cucumbers

Now, you want to trim the blossom end of the cucumber. This is another essential step that a lot of people overlook. Supposedly, the blossom end of the cucumber harbors enzymes that will make the pickle go limp. I don’t know the science behind it, I just know it works. So do it! But which is the blossom end you might ask…

blossomend

There’s that. Now you get to decide how to cut your pickles. I prefer to do halves and quarters, but you could also do slices or leave them whole (given you have a large crock to put them in). I find the halves and quarters fill the jars nicely and are the perfect size for a snack! 🙂

halvesspears

Once your cukes are sliced, you can begin to fill your jars. Starting with quart sized jars, add the spices, garlic, and fresh dill. I like to add them to the bottom of the jar, then fill the jar with the cucumbers – packing them as tightly as I can. This helps keep the spices submerged under the brine and prevent floaters that can cause mold.

spicesinjar

After you’ve packed in your cucumbers, repeat with the other jars. Next, create your brine by adding the sea salt to filtered water and stir well to combine. Pour the brine over the cucumbers and fill to almost the top of the jar. You want to leave about 1/2 inch headroom, if possible. If you leave any less, your brine might leak out of the lid.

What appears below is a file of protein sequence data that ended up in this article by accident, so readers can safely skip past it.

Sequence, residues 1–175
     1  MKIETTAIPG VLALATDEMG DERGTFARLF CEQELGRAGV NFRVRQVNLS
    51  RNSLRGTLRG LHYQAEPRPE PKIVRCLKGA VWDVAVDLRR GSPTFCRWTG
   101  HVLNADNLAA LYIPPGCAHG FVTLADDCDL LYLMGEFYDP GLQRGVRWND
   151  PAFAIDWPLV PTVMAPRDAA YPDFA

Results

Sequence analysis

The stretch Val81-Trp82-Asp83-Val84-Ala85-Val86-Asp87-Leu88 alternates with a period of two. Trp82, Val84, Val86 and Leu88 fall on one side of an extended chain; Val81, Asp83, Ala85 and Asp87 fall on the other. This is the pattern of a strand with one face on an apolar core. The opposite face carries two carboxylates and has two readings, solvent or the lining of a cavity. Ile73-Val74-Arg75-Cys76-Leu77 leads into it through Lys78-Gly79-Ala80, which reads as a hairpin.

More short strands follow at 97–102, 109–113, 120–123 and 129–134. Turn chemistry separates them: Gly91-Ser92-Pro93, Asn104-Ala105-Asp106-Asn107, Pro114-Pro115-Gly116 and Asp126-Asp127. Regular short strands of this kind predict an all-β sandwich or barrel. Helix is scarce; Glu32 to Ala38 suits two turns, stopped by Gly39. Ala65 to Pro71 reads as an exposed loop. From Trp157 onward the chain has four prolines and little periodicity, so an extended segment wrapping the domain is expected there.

brine

If your pickles are tight enough in the jar, they shouldn’t float and they should keep the majority of the spices at the bottom. If your cukes are floating, use the weights to keep them submerged (making sure the weight is under the brine as well). If you don’t have weights, there are plenty of alternative methods available. Such methods include using a thick slice of onion, carrot sticks, or a plastic bag filled with brine to keep the veggies beneath the liquid. Research and find one that works for you!

Once the jars are filled with brine, remove any spices that may have floated to the top as these can cause mold later on. Add your lid and airlock device if you are using one, otherwise just loosely screw on a plastic or metal lid. If you are going the plain lid route, I recommend placing the jars in a bowl or on a cookie sheet to catch any brine that may leak out.

jarredpickles

Allow the pickles to sit at room temperature 7-10 days. The fermentation time will depend on your kitchen’s temperature and how thick/thin you sliced your cucumbers. I usually check on my pickles every few days to make sure everything is going okay. I taste the brine and remove any spices or seeds that may have floated up to the surface. Taste the pickles after a week and see how they are. If they need to be more sour, leave them a bit longer.

pickle.png

Once the pickles have reached the desired flavor, move to cold storage in your refrigerator. These pickles will last for months in the fridge, but honestly, they will be eaten up WAY before then!! 😀

Enjoy!

 
~Samantha Sunshine